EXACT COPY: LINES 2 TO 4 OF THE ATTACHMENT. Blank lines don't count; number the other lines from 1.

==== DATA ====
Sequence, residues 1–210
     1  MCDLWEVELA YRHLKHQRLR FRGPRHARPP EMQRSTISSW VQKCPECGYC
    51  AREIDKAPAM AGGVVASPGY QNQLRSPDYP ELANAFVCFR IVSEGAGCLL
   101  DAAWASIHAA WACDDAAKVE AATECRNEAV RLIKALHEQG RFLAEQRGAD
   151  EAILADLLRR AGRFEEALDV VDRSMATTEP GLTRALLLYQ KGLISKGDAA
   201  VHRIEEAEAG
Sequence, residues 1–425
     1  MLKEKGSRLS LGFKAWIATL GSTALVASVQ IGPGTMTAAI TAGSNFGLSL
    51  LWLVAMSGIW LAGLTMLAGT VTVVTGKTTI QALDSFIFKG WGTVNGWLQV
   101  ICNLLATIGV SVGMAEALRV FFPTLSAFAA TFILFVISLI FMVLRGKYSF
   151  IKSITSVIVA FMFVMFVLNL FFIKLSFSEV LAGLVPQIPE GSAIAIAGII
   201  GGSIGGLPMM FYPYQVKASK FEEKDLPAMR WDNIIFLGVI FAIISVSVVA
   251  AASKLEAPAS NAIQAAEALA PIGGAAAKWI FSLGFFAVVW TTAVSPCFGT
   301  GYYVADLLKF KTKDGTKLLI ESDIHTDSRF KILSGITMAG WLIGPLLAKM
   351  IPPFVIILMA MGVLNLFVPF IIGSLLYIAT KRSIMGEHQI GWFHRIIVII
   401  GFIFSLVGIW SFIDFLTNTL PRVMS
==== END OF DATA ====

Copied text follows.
     1  MCDLWEVELA YRHLKHQRLR FRGPRHARPP EMQRSTISSW VQKCPECGYC
    51  AREIDKAPAM AGGVVASPGY QNQLRSPDYP ELANAFVCFR IVSEGAGCLL
   101  DAAWASIHAA WACDDAAKVE AATECRNEAV RLIKALHEQG RFLAEQRGAD